When 52-year-old NBA Commissioner Adam Silver banned 80-year Clippers owner Donald Sterling for life April 29 for secretly recorded off-color remarks, the politically correct crowd went overboard. Recorded by his lady-friend 31-year-old V. Stiviano, Sterling told his girl-Friday to not associate or bring blacks to Clippers games. Sterling comments recorded secretly exposed, as Stiviano admits to ABC “20/20’s” Barbara Walters, a different “generation,” one growing up in a less politically correct culture. Stiviano’s recording took down her boss as far as the NBA was concerned, prompting Silver to give thumbs down on Sterling’s NBA career. Receiving a standing ovation from the politically correct crowd, Silver becomes the hero while Sterling’s demonization continues unabated, becoming the latest casualty of political correctness gone wild.
Outrage spread like the plague over the airwaves and cyberspace, leaving no escape for the octogenarian, watching his towering life swept away like a primitive adobe hut. By the time Sterling could pronounce his name, he was so vilified, so demonized, so degraded, so disgraced, Silver had no choice but to evict him from a very select fraternity of NBA’s billionaire and multimillionaire owners. “We stand together condemning Mr. Sterling’s views. They simply have no place in the NBA,” said Silver, banning Sterling for life and fining him $2.5 million. “It bothers me that you want to broadcast that you’re associating with black people. Do you have to,” Sterling said on the tape causing the tsunami that brought down his promising NBA empire. “Sentiments of this kind are contrary to the principles of inclusion and respect that form the foundation of our diverse, multicultural and multiethnic league.”
NBA officials don’t really know that Sterling harbors racist views other than his words expressed in a secretly recorded conversation. Sterling’s “views” were apparently so non-racist that he was slated to receive the 2014 humanitarian-of-the-year award from the NAACP. Yet the media sees fit to dredge up a federal slumlord lawsuit that cost Sterling a $2.7 million no-fault settlement as proof of his “racism.” When Sterling told his girl-Friday that she “broadcasts’ her association with black people, he referred to an Instagram post with Magic Johnson, the former Lakers Hall-of-Fame guard that routinely made the Clippers look worse than a high school basketball team. Sterling’s privately recorded statements were classless and distasteful but are not proof of racism. “I think Mr. Sterling is from a different generation than I am,” Stiviano told Walters, refuting the NBA’s racist characterization.
Stiviano denies that she sold the secret recording of Sterling to Harvey Levin’s Hollywood gossip site TMZ, insisting she gave them to a friend for “safekeeping.” “I think he [Sterling] was brought up to believe these things . . . segregation, whites and blacks. But through his actions he’s shown that he’s not a racist. He’s shown to be a very generous and kind man,” Stiviano admitted to Walters, contradicting Silver’s wholesale denunciation of Sterling the racist. Working for Sterling in various capacities, more-or-less as a girl-Friday, Stiviano was showered with fancy cars and a $2 million duplex. Faced with a volcanic backlash against Sterling from the African-American dominant NBA, Silver had no choice but to ban the LA real estate mogul for life or face an imminent boycott of the NBA playoffs. No matter how distasteful or classless, Sterling didn’t get due process.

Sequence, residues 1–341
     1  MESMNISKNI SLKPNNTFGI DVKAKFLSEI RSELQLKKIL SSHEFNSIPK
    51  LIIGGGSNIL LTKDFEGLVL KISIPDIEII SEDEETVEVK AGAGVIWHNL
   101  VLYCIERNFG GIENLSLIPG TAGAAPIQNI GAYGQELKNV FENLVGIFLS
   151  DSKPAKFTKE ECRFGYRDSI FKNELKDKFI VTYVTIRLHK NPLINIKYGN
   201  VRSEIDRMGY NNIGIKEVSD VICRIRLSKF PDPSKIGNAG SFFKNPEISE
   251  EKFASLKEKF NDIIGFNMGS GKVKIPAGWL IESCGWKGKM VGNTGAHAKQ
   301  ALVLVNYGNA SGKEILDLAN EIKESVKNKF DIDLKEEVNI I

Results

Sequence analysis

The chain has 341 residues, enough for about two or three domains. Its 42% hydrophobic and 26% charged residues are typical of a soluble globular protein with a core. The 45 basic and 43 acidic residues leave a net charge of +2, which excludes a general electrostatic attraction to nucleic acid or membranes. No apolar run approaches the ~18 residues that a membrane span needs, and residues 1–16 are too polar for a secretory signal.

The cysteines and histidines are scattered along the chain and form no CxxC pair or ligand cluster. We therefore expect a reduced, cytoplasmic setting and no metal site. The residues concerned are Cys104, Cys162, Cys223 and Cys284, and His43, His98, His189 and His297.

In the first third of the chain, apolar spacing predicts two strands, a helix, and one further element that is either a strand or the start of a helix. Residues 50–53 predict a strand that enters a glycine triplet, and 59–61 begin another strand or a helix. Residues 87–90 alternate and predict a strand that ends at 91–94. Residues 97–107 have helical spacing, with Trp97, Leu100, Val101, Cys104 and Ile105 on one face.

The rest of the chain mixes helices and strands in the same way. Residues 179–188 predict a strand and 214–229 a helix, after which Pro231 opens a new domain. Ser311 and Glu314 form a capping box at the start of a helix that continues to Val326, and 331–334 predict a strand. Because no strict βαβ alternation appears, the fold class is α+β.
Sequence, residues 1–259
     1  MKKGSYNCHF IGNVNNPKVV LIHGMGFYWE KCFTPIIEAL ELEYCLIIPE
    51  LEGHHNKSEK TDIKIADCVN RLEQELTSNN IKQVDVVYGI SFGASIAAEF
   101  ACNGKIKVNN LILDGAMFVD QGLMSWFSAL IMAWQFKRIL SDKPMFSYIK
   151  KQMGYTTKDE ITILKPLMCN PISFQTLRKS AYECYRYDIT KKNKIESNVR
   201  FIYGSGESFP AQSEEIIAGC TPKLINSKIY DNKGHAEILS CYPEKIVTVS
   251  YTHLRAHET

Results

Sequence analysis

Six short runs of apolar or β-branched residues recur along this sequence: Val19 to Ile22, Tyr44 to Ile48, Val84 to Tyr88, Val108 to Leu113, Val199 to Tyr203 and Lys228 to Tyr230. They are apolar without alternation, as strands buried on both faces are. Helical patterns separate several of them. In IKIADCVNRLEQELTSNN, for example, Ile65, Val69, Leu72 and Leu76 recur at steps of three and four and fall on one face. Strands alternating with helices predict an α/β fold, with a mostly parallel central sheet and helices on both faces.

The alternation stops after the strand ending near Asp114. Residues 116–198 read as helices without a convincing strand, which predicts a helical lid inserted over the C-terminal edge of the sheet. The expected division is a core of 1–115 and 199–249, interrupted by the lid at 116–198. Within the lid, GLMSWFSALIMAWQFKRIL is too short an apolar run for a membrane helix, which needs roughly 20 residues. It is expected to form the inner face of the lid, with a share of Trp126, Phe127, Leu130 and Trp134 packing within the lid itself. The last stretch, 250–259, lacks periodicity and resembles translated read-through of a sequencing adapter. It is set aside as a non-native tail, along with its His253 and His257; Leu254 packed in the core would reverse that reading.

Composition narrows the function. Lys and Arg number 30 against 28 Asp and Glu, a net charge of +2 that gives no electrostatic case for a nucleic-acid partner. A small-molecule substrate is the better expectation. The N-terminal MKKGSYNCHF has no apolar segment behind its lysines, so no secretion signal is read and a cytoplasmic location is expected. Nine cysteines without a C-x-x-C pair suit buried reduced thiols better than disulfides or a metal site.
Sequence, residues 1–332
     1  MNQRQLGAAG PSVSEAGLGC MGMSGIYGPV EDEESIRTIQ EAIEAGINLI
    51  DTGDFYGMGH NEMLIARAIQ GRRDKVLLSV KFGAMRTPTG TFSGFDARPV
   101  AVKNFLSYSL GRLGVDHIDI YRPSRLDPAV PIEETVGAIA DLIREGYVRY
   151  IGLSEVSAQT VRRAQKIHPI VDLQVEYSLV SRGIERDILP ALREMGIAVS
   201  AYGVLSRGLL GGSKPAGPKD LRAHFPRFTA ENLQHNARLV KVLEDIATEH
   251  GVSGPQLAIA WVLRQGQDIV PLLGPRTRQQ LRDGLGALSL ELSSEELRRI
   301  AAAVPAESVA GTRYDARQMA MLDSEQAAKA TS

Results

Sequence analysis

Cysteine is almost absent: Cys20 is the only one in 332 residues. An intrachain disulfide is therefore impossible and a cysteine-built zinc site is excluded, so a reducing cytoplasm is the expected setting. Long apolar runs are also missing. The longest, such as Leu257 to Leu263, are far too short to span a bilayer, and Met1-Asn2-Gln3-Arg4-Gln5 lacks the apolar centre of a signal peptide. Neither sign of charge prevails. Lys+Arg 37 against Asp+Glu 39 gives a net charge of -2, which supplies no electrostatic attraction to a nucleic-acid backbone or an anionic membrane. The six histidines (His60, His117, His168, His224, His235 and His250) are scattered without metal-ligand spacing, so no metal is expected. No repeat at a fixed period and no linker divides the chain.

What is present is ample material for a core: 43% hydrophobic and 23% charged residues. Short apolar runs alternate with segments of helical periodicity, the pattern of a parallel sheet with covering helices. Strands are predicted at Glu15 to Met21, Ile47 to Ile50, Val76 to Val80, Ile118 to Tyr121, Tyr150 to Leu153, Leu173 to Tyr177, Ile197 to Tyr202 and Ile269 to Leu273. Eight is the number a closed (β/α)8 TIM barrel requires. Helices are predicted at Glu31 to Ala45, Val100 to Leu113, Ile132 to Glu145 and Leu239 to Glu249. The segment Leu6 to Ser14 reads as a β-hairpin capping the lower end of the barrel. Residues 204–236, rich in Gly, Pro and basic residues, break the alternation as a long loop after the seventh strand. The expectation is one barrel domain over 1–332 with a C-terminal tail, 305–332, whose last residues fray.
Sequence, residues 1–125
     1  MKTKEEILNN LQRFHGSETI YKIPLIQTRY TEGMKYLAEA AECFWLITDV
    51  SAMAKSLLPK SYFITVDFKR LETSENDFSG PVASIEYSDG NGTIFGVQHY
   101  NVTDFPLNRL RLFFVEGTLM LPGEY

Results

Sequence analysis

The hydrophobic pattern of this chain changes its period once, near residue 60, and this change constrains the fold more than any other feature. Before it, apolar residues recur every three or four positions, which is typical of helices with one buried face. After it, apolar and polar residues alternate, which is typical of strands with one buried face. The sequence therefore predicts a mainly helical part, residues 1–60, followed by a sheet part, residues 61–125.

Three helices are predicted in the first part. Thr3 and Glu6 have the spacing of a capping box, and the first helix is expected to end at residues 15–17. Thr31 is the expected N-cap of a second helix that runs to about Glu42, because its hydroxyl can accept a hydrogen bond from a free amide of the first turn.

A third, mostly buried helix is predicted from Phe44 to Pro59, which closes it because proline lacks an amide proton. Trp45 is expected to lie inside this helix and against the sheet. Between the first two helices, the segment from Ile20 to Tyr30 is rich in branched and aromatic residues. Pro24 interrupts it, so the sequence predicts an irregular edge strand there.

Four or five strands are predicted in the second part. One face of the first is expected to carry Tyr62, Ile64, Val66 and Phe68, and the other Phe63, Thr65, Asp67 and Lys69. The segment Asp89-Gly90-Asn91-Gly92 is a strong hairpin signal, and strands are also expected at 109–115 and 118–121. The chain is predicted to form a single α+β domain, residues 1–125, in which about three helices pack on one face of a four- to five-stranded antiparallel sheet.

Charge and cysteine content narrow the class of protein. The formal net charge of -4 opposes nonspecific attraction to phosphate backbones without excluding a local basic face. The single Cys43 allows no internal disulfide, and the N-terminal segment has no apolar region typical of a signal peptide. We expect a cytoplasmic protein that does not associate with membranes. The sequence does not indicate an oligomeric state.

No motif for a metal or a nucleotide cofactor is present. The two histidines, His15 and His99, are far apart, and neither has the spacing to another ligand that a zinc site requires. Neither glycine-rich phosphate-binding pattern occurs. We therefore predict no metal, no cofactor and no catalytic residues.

No investigative journalist or private investigator has turned up any stitch of evidence about Sterling contributing or affiliating with any racist group, dredging up a federal fair-housing settlement as proof of his racism. Stiviano told Walters she thought Sterling should apologize. Yet no one’s heard hide-nor-from Sterling since Stiviano’s recording went viral April 26. No mea culpa. No apology—not even a peep other than some specious rumors about Sterling saying the team wasn’t for sale. “I think he’s highly more traumatized and hurt by the things that he said himself,” said Stiviano, though admitting she hasn’t talked with Sterling since TMZ ignited the media firestorm. Apart from making some off-color remarks, Sterling’s not a racist, any more than other good-old-boys from the nation’s network of elite private clubs. Silver scapegoated Sterling to save the NBA playoffs.
Sterling’s complete disappearance suggests that he’s not fit to respond to his public flogging by the NBA and headline-hungry media. His ugly words, whether said publicly or privately, reflect his lack of judgment, perhaps hinting at some cognitive impairments. Showering gifts on a thirty-something with questionable background and motives also doesn’t bode well for Sterling’s judgment or, for that matter, his fitness to own and NBA franchise. Using such racially-charged language is reason enough to terminate Sterling’s NBA franchise. Showing that kind of racial insensitivity can’t be tolerated in a sports league dominated by black athletes. Calling Sterling a racist, imputing evil motives to his offensive words or dredging up irrelevant evidence of racism doesn’t justify wholesale defamation and character assassination. Crossing the politically correct line doesn’t excuse all the hype.
About the Author
John M. Curtis writes politically neutral commentary analyzing spin in national and global news. He’d editor of OnlineColumnist.com and author of Dodging the Bullet and Operation Charisma.